Tenant Tips

Rising Damp?

Written by Sarah Walker

You suddenly realise the property you’re renting has got a damp problem. Of course, your landlord or managing agent is responsible for getting rid of it – but bear in mind, it might be your own fault!

Damp’s a nasty thing. Looks awful, can smell bad and if you’ve got mould, little spores can get into your airways causing anything from a mild irritation to death. So you need to take it seriously.

Most rented properties suffer from damp at some point and there are different types, caused by different things. Sometimes it’ll be your landlord’s fault for not maintaining the property well enough; sometimes it’s simply been buried deep within the property and they genuinely didn’t know there was a problem, and sometimes it’s your own fault.

The damp you’re least likely to come across is rising damp, which is caused by ground water soaking up through the floor or the bottom of walls. It should be picked up during the survey at the time the landlord buys the property and put right through the installation of a damp-proof membrane or damp-proof course.

Because rising damp only affects the bottom part of a property, if you’re renting a flat or maisonette that’s not on the ground floor and you see damp, it’s probably penetrating damp. If you’ve got damp patches on the wall, it’s likely to be rain water coming in through the brickwork. If it’s on the ceiling, that could be from an internal leak, e.g. a water tank or badly-sealed bathroom fitting, or there might be an issue with the roof. Damp around the windows indicates they haven’t been sealed properly or the seal has degraded over time.

If you see a white residue on the outside of the property, that’s where salts in the rainwater have been left behind when the water itself evaporates (efflorescence):

Again, penetrating damp should have picked up on the survey at the point of purchase but, if your landlord has owned the property for several years, it might have just developed over time.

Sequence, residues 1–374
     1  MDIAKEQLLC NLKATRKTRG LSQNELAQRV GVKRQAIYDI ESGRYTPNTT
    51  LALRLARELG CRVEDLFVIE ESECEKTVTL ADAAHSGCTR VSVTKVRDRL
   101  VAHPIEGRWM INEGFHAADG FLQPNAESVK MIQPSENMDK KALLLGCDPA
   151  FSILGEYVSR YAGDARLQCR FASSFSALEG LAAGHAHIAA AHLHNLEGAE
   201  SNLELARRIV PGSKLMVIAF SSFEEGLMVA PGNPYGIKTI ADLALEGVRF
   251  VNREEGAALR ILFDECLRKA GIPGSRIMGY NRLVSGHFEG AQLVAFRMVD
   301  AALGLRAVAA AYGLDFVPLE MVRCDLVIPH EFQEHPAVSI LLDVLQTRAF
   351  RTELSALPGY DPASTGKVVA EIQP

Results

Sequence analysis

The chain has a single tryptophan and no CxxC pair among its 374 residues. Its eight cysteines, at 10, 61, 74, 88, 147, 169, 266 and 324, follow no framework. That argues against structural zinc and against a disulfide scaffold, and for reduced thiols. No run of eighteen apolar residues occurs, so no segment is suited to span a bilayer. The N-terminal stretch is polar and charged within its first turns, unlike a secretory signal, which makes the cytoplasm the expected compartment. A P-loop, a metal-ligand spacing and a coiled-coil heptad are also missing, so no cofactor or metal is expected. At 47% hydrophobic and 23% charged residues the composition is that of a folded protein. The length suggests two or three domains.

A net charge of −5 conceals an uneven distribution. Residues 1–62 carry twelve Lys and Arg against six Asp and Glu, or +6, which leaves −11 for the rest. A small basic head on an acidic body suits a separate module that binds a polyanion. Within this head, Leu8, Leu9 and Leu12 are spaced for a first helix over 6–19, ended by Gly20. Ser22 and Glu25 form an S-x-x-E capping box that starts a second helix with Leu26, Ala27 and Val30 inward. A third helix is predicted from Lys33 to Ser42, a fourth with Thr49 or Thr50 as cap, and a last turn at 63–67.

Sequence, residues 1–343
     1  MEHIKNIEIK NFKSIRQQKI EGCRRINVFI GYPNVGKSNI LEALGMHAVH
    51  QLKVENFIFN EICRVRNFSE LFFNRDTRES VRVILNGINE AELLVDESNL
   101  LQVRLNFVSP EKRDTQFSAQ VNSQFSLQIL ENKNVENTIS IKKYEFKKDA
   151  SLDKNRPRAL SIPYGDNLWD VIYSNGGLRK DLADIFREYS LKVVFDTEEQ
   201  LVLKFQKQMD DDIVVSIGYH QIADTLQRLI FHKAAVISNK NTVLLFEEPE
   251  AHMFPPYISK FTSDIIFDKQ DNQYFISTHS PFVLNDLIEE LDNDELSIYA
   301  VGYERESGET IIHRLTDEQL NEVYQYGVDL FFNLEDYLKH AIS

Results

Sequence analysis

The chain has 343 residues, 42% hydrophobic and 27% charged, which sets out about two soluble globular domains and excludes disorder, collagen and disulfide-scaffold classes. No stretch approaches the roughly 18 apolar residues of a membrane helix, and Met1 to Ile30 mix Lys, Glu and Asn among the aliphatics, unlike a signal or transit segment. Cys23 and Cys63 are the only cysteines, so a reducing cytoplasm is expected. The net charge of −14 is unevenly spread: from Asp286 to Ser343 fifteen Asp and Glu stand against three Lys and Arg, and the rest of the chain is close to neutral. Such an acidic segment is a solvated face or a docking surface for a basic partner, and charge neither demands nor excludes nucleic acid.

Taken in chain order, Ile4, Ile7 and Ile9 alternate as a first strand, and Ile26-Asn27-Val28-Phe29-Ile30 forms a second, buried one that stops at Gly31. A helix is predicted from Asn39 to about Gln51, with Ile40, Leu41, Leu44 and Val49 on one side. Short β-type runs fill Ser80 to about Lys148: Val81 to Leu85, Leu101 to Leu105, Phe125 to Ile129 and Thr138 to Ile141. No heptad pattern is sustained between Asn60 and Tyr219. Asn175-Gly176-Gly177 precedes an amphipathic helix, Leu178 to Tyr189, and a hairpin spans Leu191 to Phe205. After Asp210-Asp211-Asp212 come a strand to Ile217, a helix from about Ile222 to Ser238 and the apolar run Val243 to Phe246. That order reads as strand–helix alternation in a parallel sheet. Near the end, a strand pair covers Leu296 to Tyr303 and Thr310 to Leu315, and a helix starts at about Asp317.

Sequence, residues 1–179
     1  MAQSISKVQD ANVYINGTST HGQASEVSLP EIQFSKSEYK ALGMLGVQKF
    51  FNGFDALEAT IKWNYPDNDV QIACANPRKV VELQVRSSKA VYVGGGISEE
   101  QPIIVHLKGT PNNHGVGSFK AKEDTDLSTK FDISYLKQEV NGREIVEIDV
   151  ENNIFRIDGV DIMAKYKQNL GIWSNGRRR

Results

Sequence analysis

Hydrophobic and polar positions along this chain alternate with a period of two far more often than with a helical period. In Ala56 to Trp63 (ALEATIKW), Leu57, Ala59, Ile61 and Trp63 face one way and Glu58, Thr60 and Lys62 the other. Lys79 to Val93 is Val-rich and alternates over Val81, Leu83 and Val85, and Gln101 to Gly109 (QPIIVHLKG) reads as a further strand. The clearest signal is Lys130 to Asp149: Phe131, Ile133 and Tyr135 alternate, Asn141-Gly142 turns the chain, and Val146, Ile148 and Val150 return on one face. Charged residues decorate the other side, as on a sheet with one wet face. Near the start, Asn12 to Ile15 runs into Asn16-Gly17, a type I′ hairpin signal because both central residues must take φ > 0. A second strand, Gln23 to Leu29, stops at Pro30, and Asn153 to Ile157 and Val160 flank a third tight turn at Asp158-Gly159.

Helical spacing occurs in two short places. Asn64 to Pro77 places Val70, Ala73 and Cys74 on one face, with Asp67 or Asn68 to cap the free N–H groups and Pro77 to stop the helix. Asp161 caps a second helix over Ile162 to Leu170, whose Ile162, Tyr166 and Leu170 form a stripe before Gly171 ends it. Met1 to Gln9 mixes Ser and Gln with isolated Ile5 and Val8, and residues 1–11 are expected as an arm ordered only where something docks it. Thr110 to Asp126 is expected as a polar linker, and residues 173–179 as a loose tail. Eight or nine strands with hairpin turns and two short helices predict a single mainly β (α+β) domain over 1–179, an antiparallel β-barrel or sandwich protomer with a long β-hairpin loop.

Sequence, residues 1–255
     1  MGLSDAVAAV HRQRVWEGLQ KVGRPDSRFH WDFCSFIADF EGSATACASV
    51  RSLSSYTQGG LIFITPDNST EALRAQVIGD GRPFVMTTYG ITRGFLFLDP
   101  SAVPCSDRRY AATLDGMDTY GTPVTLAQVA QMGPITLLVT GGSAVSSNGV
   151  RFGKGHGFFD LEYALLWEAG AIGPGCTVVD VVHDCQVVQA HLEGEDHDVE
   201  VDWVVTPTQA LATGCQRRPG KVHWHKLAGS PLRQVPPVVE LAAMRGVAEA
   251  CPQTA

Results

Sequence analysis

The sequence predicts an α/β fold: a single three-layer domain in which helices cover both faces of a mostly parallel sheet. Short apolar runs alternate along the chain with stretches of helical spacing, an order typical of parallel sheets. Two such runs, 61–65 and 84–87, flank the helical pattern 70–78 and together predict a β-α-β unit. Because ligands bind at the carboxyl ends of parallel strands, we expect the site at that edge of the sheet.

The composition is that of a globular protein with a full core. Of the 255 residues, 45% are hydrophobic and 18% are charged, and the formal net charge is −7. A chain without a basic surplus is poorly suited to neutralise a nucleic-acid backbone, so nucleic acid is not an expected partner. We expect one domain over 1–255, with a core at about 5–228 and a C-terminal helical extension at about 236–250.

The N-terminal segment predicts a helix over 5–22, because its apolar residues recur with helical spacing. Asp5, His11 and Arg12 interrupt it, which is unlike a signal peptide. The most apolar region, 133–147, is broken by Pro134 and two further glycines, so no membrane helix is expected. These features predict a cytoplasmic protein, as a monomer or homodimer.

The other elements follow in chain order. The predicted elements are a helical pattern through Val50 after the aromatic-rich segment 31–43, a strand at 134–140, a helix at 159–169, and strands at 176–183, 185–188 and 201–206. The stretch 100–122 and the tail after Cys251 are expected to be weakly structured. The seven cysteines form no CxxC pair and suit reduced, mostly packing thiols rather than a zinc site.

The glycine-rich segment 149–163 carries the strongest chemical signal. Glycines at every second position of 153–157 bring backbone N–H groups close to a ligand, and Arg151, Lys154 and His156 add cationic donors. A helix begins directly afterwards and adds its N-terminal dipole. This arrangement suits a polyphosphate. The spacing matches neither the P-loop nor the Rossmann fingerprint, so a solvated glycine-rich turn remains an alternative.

If you spot any signs of rising or penetrating damp, report it to the landlord or agent right away, as they’ll need to get contractors in to put the problem right.

The most common type of damp is condensation and it’s rare to find a rented property without it! When there’s a big difference between the inside and outside temperatures, condensation forms as water on windows. If you don’t wipe it off, it’ll run down the window and can lie in pools on the sills and at the edge of the flooring.

In rooms where moisture is generated – that’s most likely to be the bathroom, kitchen and anywhere you dry washing inside – it’ll settle on any surface if it can’t escape. And unless you wipe it off, it’ll develop into black spots (mildew) and then grow and spread as mould.

If there isn’t a window or working extractor fan in the room, or the heating doesn’t work effectively, that’s down to the landlord and they should be putting things right to ensure you have a decent standard of accommodation. But, generally speaking, if you’ve got surface mould, it’s likely to be your fault for not ventilating properly.

In the majority of cases, mould is found growing above the shower and in the corners of bedrooms simply because tenants aren’t opening windows to let steam and other moisture out. And you’ve got to get rid of mould because it will spread and can damage furniture and belongings, cause mite infestations and could result in serious health problems. Inhaling or touching mould spores can cause allergic reactions, asthma attacks, respiratory infections and even affect your immune system. Particularly at risk are babies and children, the elderly and those with existing skin or respiratory problems.

So here are 5 top tips for avoiding condensation & surface mould:

  1. Open windows and/or switch on extractors when cooking in the kitchen, using the bathroom and drying washing.
  2. Wipe off condensation on windows.
  3. Open your bedroom window for 15 minutes each morning.
  4. Keep the inside temperature as constant as possible.
  5. Don’t push furniture up against walls, where moisture can get trapped.

Bonus tip: get yourself some anti-mould spray and use it to clean off any surface mould and reduce the chance of it forming again.

See Shelter’s advice on dealing with damp and mould in rented homes: https://england.shelter.org.uk/housing_advice/repairs/damp_and_mould_in_rented_homes

 

Image credit: Andrew Moore

About the author

Sarah Walker

Sarah Walker is a freelance writer and editor with extensive knowledge of the property investment industry.

A former estate agent and television presenter, Sarah has spent over a decade writing for industry publications and leading UK property companies, producing a wide range of marketing and PR content, including consumer guides, newsletters, website copy, articles and reports.

She has ghostwritten a number of property investment books, edited several others on property, business and branding, and continues to work with entrepreneurs to produce literature that supports their business enterprises. Sarah has been both a landlord and a tenant herself and has invested in the UK and overseas.

Away from her laptop, she’s a keen photographer and loves exploring the Scottish Highlands. Skiing is her sporting passion and she’s an enthusiastic member of her local amateur dramatic society.

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